Centre de recherche interuniversitaire sur la formation et la profession enseignante (CRIFPE)

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Ontario Teacher's Federation (2018). Submission of the Ontario Teacher's Federation to the Public Consultation on Education. Toronto, Ontario : OTFEO.


Improving Student Performance in Science, Technology, Engineering and Math (STEM) Students are sentient beings, not widgets. As such, they must continue to have opportunities to exercise and experience a sense of agency in their learning and education. At the primary and junior levels, students need opportunities to reflect on their learning and academic goals to help them increase their understanding of their interests, strengths and needs which, for some students, may coalesce in the latter part of their secondary years. In addition, students often need support so that they experience smooth grade-to-grade transitions (Ontario, 2013a, 21). 

At the intermediate and secondary levels, students can take increasing responsibility for their own learning and planning for their own future (Ontario, 2013a, 18). In addition, the curriculum and programs, that are already in place in schools and boards provide effective and efficient means for students to explore STEM disciplines in real-world settings and, for students who are drawn to these specific areas, to develop the attitudes and aptitudes necessary to be successful in them. Some of these curricula and programs include Guidance and Career Education (Ontario, 2006), Cooperative Education (2018) and Dual Credit (Ontario, 2013b) and Specialist High Skills Majors (Ontario, 2016b) programs, among others). Effective transition planning from elementary to secondary and from secondary to apprenticeship, work and post-secondary education can also help students experience greater success. With respect to mathematics specifically, research reveals that over 15,000 teachers, and by extension their students, have benefitted from Ministry-funded and OTF-administered subsidies (available between 2014 and 2018) of the cost of math-focused Additional Qualifications and Additional Basic Qualifications courses (Yashkina, 2018; OTF, 2018c). Thousands of teachers have also benefitted in recent years from a wide array of teacher-developed and teacher-directed professional learning opportunities, offered across the province at low or no cost through Ministry funding.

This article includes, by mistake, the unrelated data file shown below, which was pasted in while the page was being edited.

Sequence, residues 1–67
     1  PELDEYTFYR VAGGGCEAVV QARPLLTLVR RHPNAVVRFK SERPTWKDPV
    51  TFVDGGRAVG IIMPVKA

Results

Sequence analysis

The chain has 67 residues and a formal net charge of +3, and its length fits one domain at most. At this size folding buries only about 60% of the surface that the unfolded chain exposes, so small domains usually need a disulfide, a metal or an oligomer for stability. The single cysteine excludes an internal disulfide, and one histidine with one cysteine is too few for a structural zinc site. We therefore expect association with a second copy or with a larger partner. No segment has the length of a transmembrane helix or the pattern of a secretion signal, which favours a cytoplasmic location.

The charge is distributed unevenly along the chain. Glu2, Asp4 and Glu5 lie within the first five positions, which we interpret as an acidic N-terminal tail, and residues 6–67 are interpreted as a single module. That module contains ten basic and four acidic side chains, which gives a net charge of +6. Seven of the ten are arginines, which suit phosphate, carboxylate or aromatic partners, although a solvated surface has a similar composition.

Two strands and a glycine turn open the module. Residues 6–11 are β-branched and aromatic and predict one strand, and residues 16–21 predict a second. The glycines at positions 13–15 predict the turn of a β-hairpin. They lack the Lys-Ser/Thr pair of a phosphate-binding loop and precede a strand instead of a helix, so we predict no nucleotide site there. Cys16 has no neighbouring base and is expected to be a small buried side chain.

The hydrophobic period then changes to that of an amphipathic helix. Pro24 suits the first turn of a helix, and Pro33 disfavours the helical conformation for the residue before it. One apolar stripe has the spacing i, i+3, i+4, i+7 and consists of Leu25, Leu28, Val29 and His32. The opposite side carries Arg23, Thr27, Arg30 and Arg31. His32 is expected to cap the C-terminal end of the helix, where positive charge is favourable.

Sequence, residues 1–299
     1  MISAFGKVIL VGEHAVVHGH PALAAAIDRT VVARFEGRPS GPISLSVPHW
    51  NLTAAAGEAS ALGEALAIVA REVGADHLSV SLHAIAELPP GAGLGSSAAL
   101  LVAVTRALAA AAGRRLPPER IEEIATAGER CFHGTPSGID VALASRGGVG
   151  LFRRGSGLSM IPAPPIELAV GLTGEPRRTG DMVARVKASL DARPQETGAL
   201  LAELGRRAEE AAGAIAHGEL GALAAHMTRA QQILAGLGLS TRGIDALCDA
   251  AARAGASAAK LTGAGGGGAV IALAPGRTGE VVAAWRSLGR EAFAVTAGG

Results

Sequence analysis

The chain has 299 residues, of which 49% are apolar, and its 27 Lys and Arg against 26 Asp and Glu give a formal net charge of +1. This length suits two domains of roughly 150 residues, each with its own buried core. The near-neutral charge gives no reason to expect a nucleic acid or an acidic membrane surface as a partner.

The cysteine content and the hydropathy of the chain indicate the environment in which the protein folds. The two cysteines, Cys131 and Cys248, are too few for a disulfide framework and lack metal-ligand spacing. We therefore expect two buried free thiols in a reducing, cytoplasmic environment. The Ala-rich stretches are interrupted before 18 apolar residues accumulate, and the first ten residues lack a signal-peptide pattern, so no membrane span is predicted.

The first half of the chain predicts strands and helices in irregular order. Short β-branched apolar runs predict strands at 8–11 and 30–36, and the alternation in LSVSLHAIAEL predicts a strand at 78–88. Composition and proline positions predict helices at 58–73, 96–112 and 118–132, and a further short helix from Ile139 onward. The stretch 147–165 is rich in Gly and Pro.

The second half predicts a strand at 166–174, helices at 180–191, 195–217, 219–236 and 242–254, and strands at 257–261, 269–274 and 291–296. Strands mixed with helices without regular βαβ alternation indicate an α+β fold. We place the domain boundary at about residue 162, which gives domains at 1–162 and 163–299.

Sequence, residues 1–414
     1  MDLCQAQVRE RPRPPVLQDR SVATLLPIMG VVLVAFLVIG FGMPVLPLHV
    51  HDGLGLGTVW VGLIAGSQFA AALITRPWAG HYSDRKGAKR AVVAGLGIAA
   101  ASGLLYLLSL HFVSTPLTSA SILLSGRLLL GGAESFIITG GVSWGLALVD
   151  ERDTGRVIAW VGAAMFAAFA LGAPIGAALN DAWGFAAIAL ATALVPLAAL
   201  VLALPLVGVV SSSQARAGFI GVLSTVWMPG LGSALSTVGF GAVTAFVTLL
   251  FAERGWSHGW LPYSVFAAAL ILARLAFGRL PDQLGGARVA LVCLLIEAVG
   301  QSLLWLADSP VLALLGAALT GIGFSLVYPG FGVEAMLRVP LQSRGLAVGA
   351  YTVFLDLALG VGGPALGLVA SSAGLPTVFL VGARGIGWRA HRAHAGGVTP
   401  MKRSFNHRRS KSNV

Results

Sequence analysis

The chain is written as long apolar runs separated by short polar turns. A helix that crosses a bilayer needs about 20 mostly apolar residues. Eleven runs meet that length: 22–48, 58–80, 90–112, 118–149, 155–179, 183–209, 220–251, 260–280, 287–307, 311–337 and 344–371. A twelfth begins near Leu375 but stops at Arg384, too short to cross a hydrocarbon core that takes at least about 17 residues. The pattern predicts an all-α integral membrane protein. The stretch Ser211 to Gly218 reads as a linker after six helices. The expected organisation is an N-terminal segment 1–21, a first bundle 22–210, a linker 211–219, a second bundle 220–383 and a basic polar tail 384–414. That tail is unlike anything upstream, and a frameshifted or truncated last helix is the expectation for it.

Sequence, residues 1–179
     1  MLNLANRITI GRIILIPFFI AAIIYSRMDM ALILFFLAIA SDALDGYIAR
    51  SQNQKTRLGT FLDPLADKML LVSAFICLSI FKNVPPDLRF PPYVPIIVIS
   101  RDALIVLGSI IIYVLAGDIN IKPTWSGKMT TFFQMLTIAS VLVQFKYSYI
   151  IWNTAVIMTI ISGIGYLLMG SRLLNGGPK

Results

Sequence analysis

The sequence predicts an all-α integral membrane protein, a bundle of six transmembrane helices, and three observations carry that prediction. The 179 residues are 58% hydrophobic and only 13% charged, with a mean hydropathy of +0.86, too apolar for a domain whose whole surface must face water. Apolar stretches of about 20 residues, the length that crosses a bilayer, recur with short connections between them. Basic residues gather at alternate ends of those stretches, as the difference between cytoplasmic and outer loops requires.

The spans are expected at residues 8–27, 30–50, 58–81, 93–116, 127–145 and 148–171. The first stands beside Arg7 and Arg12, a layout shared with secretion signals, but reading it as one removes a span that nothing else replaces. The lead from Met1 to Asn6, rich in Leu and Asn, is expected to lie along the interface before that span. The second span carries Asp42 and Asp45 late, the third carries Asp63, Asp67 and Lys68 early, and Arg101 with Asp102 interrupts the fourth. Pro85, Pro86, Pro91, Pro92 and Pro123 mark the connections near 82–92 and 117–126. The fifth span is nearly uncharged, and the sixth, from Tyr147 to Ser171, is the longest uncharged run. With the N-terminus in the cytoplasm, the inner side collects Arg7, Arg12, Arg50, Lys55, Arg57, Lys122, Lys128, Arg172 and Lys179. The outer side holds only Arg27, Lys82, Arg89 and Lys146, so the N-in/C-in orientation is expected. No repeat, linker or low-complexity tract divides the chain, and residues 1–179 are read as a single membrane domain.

Logos des universités associées au CRIFPE

Adresse civique

Université de Montréal
Faculté des Sciences de l'Éducation
90, avenue Vincent d'Indy
Pavillon Marie-Victorin – C-536
Outremont (Québec) H2V 2S9

Adresse postale

Université de Montréal
Faculté des Sciences de l'Éducation
CRIFPE – C-543
C.P. 6128, succursale Centre-ville
Montréal (Québec) H3C 3J7